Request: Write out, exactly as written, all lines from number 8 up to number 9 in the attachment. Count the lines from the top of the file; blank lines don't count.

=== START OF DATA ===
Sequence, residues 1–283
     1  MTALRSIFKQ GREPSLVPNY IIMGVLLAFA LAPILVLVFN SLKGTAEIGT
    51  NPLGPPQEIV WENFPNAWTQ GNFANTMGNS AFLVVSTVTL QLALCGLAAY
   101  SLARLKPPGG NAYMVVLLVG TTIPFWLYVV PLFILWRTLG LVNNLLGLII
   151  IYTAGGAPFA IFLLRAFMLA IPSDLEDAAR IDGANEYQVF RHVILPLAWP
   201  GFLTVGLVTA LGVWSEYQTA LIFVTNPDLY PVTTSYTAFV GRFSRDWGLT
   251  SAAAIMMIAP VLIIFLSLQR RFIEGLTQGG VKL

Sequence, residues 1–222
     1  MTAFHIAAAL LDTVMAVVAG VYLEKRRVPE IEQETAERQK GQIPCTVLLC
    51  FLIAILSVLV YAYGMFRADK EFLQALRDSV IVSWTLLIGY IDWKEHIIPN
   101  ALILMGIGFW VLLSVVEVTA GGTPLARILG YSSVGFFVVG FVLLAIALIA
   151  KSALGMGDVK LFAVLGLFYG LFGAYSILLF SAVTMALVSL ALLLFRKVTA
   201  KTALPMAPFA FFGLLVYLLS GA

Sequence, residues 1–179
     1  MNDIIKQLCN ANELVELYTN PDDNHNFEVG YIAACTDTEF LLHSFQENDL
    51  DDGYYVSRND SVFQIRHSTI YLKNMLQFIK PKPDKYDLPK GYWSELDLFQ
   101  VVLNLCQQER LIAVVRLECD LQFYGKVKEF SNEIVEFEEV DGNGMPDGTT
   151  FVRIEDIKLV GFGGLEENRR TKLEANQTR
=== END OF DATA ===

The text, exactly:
Sequence, residues 1–222
     1  MTAFHIAAAL LDTVMAVVAG VYLEKRRVPE IEQETAERQK GQIPCTVLLC